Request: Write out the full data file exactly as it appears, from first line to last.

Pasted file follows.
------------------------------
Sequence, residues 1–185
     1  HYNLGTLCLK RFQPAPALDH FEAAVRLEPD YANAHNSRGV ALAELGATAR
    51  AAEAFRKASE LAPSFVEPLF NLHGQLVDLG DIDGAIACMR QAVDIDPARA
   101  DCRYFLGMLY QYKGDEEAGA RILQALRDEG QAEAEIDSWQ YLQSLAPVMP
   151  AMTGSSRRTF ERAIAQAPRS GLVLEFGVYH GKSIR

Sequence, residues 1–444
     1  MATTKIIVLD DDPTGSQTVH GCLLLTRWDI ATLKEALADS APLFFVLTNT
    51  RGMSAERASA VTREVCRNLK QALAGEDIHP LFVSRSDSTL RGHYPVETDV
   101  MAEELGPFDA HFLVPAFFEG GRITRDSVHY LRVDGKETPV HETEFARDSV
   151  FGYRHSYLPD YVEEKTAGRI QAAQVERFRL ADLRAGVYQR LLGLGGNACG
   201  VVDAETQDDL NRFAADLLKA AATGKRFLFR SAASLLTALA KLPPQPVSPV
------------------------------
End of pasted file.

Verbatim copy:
Sequence, residues 1–185
     1  HYNLGTLCLK RFQPAPALDH FEAAVRLEPD YANAHNSRGV ALAELGATAR
    51  AAEAFRKASE LAPSFVEPLF NLHGQLVDLG DIDGAIACMR QAVDIDPARA
   101  DCRYFLGMLY QYKGDEEAGA RILQALRDEG QAEAEIDSWQ YLQSLAPVMP
   151  AMTGSSRRTF ERAIAQAPRS GLVLEFGVYH GKSIR

Sequence, residues 1–444
     1  MATTKIIVLD DDPTGSQTVH GCLLLTRWDI ATLKEALADS APLFFVLTNT
    51  RGMSAERASA VTREVCRNLK QALAGEDIHP LFVSRSDSTL RGHYPVETDV
   101  MAEELGPFDA HFLVPAFFEG GRITRDSVHY LRVDGKETPV HETEFARDSV
   151  FGYRHSYLPD YVEEKTAGRI QAAQVERFRL ADLRAGVYQR LLGLGGNACG
   201  VVDAETQDDL NRFAADLLKA AATGKRFLFR SAASLLTALA KLPPQPVSPV